Every five years, the bean counters at Statistics Canada dole out the census numbers. Well, the 2006 model is in the showroom, the tires are getting kicked, and those who care about such things are saying things like, “Hey, Toronto is STILL the biggest city in the country!”
Indeed, Toronto’s population has grown—albeit by a mere 0.9% in the last five years—to include 2,503,281 urban dwellers.It’s not surprising that the suburbs have been experiencing explosive growth, but it is significant that, for the first time, they outnumber their urban counterpart. The combined population of the three regions surrounding the 416—Peel, York and Durham—comes out to 2,613,375. That makes Torontonians the minority population in their own house.
StatCan even has a cool animated map that shows the population growing like some virus spreading through Los Angeles on 24.
The 5-million-plus population in Toronto’s metropolitan area easily kicks the ass of Montreal’s 3.6 million. Contrary to public perception, however, Montrealers are no longer fleeing for Hogtown. While Toronto’s growth is trundling along, Montreal’s population has grown 5.3% since 2001. (Also, they’ve won a Stanley Cup since the Pearson administration, but why rub salt in the wound?)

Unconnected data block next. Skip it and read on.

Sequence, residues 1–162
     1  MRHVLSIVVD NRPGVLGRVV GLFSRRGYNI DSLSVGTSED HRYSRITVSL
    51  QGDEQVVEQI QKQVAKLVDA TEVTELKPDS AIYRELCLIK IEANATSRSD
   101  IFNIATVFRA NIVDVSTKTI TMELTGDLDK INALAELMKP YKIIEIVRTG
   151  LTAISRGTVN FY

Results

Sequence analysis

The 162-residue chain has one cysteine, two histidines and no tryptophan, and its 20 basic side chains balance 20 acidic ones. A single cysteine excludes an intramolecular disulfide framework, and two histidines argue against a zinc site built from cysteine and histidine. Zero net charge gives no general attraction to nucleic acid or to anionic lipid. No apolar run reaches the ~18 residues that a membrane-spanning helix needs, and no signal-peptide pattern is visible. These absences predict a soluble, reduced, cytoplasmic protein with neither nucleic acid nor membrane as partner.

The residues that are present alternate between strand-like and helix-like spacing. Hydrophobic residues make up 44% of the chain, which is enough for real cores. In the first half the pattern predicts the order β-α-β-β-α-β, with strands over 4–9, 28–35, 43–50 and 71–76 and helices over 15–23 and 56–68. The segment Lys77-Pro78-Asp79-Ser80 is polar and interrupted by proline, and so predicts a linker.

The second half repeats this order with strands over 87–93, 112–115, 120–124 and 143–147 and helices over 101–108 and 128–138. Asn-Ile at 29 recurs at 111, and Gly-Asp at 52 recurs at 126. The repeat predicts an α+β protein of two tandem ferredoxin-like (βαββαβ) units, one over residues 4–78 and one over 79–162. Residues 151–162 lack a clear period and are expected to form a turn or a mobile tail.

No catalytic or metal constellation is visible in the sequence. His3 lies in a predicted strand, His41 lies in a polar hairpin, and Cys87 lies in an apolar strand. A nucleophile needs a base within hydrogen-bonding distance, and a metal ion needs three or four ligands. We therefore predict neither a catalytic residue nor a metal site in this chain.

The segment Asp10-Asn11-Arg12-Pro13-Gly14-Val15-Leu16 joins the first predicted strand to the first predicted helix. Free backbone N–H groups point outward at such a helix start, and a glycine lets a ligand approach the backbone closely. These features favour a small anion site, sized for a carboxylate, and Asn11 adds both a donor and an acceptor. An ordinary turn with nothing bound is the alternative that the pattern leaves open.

In case you’re a big-picture person: Canada’s population has grown 5.4% and now sits at 31,612,897. Ontario and Alberta are leading the growth boom with Ontari-ari-ari-o’s more than 12 million residents sitting pretty at the top of the provincial population pole.
These are just the raw population numbers and StatCan will be releasing all sorts of interesting factoids in dribs and drabs over the next 15 months.
So, the statistics have spoken and (aside from that pesky suburban thing) Toronto clearly remains the Centre of the Universe. Accordingly, residents of Vancouver, Montreal and, heck, the 25 million people in the rest of the whole country, still have a raison d’être: the great unifying power of Hating Toronto.
Photo by Metrix X from the Torontoist Flickr Pool.